• the drawer 10 as shown in dotted lines in Fig. 7, carries a projection 11. (Shown in plan view in Fig. 7 and in cross-section in Fig. l.) It is supported in guides in any wellknown way, and at its rear are two rods, on each of which are coiled springs which press against the back of the drawer and tend to open it when it is unlocked, which springs have to be overcome when the drawer is closed or pushed in by the operator.
  • the drawer is locked when closed by means of its projection 1l coming in contact with projection q on lever E. It is plain that the different parts must be so adjusted and timed with each other as to operate at the right time and for the right distance to accomplish accurate registry and indication. For this reason ample adj ustments are provided; but when the machine is once adjusted there is very little, if any, liability to get out of adjustment.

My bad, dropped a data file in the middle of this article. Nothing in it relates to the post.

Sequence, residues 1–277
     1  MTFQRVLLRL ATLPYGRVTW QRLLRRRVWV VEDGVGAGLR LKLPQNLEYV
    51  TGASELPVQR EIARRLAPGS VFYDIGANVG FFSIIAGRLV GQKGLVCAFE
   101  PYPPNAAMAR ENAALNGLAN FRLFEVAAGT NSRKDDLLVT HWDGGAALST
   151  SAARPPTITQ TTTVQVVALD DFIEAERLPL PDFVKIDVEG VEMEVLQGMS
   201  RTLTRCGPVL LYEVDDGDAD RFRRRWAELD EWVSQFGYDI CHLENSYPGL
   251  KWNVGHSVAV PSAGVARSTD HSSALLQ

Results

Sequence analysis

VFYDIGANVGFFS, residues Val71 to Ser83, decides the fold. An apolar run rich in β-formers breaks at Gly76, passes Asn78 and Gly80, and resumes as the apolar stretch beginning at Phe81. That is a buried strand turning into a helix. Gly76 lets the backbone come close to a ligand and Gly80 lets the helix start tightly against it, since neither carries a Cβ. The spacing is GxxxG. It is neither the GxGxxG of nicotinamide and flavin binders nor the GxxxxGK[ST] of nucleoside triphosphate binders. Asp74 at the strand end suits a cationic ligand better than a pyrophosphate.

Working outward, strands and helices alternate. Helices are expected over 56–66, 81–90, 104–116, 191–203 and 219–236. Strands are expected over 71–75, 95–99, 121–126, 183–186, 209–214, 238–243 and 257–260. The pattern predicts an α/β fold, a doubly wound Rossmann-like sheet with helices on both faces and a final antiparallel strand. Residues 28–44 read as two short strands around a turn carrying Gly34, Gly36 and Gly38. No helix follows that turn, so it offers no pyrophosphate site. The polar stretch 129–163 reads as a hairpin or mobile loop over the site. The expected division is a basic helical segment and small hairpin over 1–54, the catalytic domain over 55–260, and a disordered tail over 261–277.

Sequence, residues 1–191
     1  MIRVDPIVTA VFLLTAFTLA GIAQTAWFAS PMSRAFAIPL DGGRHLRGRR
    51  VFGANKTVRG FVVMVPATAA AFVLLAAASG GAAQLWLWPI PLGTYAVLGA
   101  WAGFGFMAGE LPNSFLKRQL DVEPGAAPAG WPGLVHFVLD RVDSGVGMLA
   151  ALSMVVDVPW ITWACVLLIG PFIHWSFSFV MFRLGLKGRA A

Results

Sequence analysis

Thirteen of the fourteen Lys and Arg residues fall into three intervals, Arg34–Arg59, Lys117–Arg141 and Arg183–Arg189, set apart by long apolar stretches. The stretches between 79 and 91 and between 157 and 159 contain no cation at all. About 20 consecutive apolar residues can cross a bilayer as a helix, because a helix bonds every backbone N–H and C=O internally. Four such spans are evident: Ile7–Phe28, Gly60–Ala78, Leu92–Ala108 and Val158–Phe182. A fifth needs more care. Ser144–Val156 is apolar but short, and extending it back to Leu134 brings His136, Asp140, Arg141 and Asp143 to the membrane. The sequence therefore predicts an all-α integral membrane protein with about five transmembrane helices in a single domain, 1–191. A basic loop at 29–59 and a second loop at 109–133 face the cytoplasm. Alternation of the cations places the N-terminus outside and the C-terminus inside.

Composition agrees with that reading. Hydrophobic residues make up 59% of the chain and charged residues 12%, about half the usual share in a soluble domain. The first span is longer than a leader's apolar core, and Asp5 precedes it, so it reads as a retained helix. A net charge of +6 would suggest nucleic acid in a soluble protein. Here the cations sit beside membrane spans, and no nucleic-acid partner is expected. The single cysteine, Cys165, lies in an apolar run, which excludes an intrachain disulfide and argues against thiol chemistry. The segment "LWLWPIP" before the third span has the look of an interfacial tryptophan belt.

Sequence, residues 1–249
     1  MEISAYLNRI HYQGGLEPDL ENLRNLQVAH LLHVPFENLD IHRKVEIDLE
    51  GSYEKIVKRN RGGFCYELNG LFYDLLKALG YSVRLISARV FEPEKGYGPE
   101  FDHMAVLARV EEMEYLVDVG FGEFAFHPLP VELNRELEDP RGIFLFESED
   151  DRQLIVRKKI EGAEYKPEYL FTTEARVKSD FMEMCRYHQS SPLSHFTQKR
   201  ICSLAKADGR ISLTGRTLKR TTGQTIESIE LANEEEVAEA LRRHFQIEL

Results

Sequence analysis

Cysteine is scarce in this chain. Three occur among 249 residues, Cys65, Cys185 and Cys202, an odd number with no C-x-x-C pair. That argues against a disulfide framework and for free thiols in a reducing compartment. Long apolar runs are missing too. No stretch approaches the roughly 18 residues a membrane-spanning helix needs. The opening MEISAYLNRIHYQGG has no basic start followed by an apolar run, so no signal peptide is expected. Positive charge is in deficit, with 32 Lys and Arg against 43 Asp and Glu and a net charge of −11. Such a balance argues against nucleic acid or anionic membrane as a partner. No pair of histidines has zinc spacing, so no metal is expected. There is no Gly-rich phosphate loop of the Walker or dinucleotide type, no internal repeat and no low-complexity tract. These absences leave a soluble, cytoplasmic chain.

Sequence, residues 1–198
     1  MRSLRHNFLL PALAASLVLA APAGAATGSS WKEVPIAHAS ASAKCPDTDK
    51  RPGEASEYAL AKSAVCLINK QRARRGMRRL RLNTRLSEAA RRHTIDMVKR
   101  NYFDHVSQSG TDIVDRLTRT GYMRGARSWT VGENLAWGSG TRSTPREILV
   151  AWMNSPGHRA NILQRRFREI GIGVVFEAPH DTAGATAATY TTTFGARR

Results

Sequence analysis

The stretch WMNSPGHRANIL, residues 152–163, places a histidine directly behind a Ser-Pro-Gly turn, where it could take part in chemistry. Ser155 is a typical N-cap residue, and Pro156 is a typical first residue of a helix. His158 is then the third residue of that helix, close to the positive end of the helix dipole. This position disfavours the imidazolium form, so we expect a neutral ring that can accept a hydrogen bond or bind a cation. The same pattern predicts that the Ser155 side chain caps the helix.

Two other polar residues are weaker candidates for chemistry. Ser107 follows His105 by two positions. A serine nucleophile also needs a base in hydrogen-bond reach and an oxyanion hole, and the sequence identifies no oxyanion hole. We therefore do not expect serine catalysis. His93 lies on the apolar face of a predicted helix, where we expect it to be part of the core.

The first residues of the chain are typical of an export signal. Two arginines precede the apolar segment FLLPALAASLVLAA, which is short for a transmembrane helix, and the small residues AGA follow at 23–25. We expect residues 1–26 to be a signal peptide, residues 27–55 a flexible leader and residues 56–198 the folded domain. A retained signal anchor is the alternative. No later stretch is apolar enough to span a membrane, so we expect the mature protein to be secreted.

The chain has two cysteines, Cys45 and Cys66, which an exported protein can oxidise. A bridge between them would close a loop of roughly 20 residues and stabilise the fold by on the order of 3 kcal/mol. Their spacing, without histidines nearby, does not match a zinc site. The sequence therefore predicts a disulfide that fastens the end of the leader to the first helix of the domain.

• the operation of the machine is as follows: The machine is set up with the plane of the top of the buttons iush with the upper surface of the counter, the dials or disks, with their numbers, exposed both to the purchaser and the seller. Vhen the machine is first ready for use, the drawer is shut, and held shut by the projections q and ll, the dials and registering-wheels all being set at zero. Assuming one of the units-buttons is pressed to registera purchase of any number from l to 9, inclusive, the levers F and C are depressed. The lever C tilting the lever E on its fulcrum N through their connection d, the piece a. rises with the opposite end of the lever E until it comes in contact with the descending lever F, and thereby limits the motion.